Patricia Cornwell reinvented the forensic thriller genre over twenty years ago and during the intervening time has earned the Edgar, Creasey, Gold Dagger, Anthony, McCavity, Sherlock and Galaxy British Crime Thriller of the Year Awards. In each book, the reader is privy to the grisly reality of autopsies, the intimate invasion of the body in order to uncover how the victim died, as well as clues to the identity of the killer. Those twenty years have generated many technological advances in forensic science and as each is unveiled in real-life, Cornwell incorporates them into Scarpetta’s well-equipped labs.

 

The anchoring story in “Scarpetta” addresses the invasive power of the internet. Lucy, a computer phenom who is fiercely protective of her aunt, zeroes in on people who have been slandering Scarpetta online with sleazy photos and ridiculous articles. Cornwell’s message is that we are all vulnerable to the baseless smear campaigns that exist on some sites only to snag more readers and keep them hooked.

 

“Scarpetta” (#16 in the strand) is sometimes darkly disturbing, because the dialogue is so matter of fact, so real. It often seemed as if I was eavesdropping, listening in on private, painful conversations between Scarpetta, her niece, Lucy, her forensic psychologist husband, Benton Wesley, and the investigator and former friend, Pete Marino. No matter the existing murderous storyline, their complex interactions have evolved in true-life fashion during the twenty books in the Scarpetta series.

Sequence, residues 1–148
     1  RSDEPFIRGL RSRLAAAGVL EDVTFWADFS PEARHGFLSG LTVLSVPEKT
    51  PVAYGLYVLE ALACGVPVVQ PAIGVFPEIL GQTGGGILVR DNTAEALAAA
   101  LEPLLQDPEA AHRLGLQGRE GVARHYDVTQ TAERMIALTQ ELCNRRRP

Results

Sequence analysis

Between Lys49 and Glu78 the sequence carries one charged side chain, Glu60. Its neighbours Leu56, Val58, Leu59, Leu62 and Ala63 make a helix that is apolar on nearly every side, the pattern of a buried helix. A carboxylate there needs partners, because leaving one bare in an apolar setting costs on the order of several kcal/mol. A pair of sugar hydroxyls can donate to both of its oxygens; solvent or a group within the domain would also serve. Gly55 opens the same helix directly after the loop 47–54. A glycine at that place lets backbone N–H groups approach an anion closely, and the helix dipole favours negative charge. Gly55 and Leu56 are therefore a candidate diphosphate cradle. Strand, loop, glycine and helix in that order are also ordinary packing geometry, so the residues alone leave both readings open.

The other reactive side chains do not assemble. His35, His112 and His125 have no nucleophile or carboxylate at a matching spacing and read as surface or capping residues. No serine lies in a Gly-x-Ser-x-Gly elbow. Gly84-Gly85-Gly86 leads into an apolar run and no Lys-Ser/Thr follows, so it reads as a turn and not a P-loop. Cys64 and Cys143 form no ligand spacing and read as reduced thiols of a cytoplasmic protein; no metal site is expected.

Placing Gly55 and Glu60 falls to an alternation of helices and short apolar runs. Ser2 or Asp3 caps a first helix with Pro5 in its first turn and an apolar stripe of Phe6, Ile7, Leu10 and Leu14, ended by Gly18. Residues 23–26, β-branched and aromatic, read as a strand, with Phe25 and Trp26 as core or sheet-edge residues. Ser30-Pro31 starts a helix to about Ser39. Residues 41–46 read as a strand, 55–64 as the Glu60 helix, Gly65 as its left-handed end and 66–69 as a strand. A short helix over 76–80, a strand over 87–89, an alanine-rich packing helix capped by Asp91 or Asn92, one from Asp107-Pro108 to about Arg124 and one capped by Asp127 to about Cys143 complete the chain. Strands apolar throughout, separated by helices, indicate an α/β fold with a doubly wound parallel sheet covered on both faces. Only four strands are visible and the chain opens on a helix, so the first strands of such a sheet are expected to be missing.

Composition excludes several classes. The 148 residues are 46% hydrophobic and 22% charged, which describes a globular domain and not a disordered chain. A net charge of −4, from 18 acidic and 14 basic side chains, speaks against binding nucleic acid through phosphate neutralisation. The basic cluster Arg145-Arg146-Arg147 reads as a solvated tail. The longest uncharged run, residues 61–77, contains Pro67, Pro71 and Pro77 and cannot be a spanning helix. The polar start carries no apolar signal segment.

There are well-developed, sometimes creepy, supporting characters, mature subjects, surprising plot twists and turns, and plenty to satisfy Cornwell fans.

 

For more information about Patricia Cornwell, her books and other series, visit www.patriciacornwell.com  The site is interactive, with something to find on every page.

 

 

“The Reincarnationist” by M.J. Rose

 

"The Reincarnationist"

by M.J. Rose

 

A blinding flash from an explosion sends photojournalist Josh Ryder back into another era and into the life he left behind, over 1600 years ago. When he recovers from his near fatal injuries, he is back in the present, but his 21st century world has changed forever.

 

“The Reincarnationist” takes the reader on a quest to get to the root of Josh’s desperately disturbing images, a quest that uncovers a forbidden love in the time of ancient Rome and secrets that could change how the past merges with the present. Secrets for which people are willing to kill, no matter what the century.

 

Meticulously researched, “The Reincarnationist” delivers. Whether you believe in reincarnation or not, you will be intrigued by the plotting, the characters and the flashbacks between the centuries. And, you will completely believe that love has the power to reach across the ages to bring answers to the future that must be revealed.

 

I have a moviegoer’s approach when reading a work of fiction. I see the action and hear the dialogue as if I’m sitting in a movie theater and I become immersed as if I’m one of the participants. If the scenes don’t come alive for me, the author has left something on the editing floor.

 

In the case of “The Reincarnationist,” M.J. Rose has created an emotional, mental and visual canvas, a work easily transferred to the small or large screen. I hope that one day a movie producer will see the potential in this intelligent, fascinating tale. I’d love to have the DVD next to the book on my shelf.

 

"The Reincarnationist" was the first in this series. It was followed by "The Memorist," "The Hypnotist," and "The Book of Lost Fragrances," all as great as the first! Read the review of "The Book of Lost Fragrances" here.

*For more information about MJ Rose and her books, visit http://mjrose.com/content/